Thank you for your support! For more information call us, message us, or email us at info@maysmission.org for a free, no strings attached copies of our brochures ‘Making Your Community More Accessible’ or ‘The Americans With Disabilities Act’ to help advocate in your community. These brochures were produced by employees with disabilities right here at Mays Mission.

Thanks for your support!

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Programs

Exposure Breeds Comfort

For many people who have little exposure or experience with a disabled individual, the initial focus of the new relationship, unfortunately, is on the disability. As we have come to know, getting truly acquainted with someone takes much more than concentrating on physical characteristics. Focusing on the disability instead of the inner-beauty and personality causes uneasiness. A true and lasting relationship will take much longer to develop. If the disability is deafness, you may become very self-conscious about what you are not saying or communicating with your hands. If the disability is blindness, you may become self-conscious about pointing or saying phrases such as “see you later,” and so on. The truth is that you will probably be uneasy until your relationship has had time to develop. Focusing on a disability will only cause delay in your maturing relationship. Consider this, that you too, must be yourself in order for the good and healthy relationship to properly develop. This is true of all relationships, not simply with the disabled. In a “normal” relationship, factors such as gender, age, race, and physical features seem very pronounced when we first meet. These features quickly become secondary, and we eventually lose awareness of them completely. The same can and should be true when getting to know the disabled. Be at ease. Be yourself. Treat your new-found friend the same way that you would like to be treated. That’s the best way to develop and nurture a relationship that is long and lasting.

Please feel free to share in the comments section. If you would like more information call us at 1-888-503-7955 or email us at info@maysmission.org and thank you for supporting people with disabilities!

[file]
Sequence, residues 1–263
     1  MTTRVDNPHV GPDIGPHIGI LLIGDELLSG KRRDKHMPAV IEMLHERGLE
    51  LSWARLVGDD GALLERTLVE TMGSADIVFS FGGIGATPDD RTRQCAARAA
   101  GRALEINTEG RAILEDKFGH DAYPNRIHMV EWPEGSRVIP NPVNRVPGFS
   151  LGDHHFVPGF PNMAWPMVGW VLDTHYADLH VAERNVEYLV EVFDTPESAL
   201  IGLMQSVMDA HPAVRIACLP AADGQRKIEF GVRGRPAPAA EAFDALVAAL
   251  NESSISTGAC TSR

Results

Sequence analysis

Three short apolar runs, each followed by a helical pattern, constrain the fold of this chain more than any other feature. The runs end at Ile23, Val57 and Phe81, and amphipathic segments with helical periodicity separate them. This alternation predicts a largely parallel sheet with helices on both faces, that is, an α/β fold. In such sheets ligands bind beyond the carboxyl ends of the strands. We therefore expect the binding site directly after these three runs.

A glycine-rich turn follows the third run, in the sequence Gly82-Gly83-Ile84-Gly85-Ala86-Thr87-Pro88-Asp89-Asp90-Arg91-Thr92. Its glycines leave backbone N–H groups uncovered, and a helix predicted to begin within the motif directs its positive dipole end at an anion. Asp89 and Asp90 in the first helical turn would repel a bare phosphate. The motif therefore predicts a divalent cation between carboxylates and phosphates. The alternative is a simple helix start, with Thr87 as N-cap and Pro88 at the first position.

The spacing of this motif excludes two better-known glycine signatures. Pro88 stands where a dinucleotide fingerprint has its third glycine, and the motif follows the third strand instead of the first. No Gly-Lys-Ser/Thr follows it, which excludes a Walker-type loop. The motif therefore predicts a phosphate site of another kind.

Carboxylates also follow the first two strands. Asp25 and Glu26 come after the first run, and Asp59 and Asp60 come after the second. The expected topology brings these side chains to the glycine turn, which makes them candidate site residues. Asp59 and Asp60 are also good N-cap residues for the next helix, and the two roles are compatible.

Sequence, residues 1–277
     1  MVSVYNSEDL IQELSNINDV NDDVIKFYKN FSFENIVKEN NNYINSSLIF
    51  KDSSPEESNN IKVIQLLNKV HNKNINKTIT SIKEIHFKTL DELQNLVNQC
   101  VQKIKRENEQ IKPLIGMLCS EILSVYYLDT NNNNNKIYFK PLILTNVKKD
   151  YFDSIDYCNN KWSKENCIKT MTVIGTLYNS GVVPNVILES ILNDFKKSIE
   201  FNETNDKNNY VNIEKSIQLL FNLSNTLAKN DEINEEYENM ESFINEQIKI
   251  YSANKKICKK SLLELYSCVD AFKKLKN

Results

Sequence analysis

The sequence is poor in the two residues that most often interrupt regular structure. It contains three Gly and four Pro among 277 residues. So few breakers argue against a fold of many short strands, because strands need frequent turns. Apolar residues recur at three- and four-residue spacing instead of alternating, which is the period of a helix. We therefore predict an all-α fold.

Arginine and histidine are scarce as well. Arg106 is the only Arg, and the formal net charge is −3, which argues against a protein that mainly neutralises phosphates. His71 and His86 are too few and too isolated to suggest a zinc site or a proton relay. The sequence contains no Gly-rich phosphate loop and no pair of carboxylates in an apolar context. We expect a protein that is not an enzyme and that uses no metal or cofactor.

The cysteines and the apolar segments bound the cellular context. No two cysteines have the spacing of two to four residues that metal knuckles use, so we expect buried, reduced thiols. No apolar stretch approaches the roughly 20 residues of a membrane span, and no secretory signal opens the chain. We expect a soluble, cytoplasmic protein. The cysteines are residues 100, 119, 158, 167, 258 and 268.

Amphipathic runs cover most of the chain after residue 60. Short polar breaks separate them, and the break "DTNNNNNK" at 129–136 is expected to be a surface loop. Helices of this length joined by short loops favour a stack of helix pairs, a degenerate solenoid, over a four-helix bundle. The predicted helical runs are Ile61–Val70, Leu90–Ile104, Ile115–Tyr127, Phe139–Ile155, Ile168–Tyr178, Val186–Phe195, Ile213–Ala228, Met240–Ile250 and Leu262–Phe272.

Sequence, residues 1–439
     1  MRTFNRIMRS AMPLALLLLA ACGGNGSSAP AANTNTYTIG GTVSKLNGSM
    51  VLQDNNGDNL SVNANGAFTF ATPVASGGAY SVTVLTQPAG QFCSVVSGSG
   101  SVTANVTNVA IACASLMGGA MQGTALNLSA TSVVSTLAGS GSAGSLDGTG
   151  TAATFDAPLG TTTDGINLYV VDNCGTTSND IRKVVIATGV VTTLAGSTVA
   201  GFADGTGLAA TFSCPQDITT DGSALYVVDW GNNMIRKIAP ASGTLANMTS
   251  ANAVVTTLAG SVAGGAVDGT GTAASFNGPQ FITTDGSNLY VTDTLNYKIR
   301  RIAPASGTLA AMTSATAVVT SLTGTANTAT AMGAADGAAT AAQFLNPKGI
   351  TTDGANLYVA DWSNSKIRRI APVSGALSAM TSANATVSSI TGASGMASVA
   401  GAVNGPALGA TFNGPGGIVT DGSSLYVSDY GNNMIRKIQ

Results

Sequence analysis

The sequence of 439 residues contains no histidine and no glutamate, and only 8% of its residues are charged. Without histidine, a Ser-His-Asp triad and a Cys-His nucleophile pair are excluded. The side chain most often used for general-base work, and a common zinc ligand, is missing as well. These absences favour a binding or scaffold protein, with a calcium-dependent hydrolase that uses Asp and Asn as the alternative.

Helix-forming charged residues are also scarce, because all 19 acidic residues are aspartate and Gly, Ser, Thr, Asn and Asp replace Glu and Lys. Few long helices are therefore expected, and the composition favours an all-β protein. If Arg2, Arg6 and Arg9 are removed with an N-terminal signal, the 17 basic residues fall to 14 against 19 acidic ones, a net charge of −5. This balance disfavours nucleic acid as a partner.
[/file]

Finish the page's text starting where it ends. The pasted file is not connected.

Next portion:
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Programs

Our founder’s dream and his mission

The late Ewing W. Mays founded Mays Mission, a non-profit organization…


…in order to give help, encouragement and guidance to the physically and mentally disabled.
As a double amputee (he lost both of his legs during World War II), Ewing knew all to well the anguish and heartache of being disabled. He was only 25 years old when he lost his legs.


For two years he lay in a hospital bed at McCloskey General Hospital in Temple, Texas undergoing one operation after another before being fitted for artificial legs.


Not once did a person with a similar disability ever visit him. No effort was made to offer him encouragement or to help him understand how to overcome his disability.


He found himself wishing for a peaceful death.


He just couldn’t stand the torture, pain and worry of being a burden to his family – of never being able to live as a whole person again.


But God knew his needs better than he did, and He answered Ewing’s prayers with a vocation and a dream…


…to use his disability as a way to help others like him to build a place where disabled people could rebuild their lives. Ewing worked hard at his spiritual and physical therapy, and, with the help of two artificial limbs, was soon able to walk as well as anyone.


In 1951, God opened new doors to him and, as National Commander of the Disabled American Veterans, he toured the military hospitals of Korea and Japan.


His mission was simple – to visit the wounded servicemen, both American and South Korean…
…more than 80,000 men who were facing amputations and had no one to understand their grief or despair.


As he moved from bed to bed, his mind began recording things that seemed to impress those young men with crippled bodies.


And this set the course God had planned for the rest of Ewing Mays’ life.


Year after year, he toured military hospitals across America giving encouragement and stressing back in 1967:


“It’s ability, not disability, that counts.”


During one hospital visit, Gerald D. Schroeder, another young double amputee, asked Ewing how much pressure he could take on the stumps of his legs.


Ewing simply lifted the soldier from his wheelchair, held him for a few minutes and replied, “That’s how much!”


Letters soon began pouring in from hospitals he had visited, requesting that he return…


…newspapers featured articles on the effectiveness of his special brand of therapy and explained how it was changing the lives of “hopeless” young people.


That’s when he started dreaming about building the New Hope Center – a facility where, in addition to offering physical, emotional and spiritual support, training could be provided in various types of work. And we’ve been able to do just that since our opening in 1982.

Unemployment is one of the most profound issues facing the disability community. Only 17% of people with disabilities report being in the labor force, compared to 64% of non-disabled adults. People with disabilities remain twice as likely to drop out of high school, henceforth no skills. In fact, the employment rate for all people with disabilities has remained relatively constant since 1986.


That is why our on-the-job training is so important.

If you would like more information on our On-The-Job Training program call us or email us at info@maysmission.org and we will be glad to provide you with some of our free brochures to hand out to employers in your area and let them know that hiring the disabled is smart business! Thank you for your support!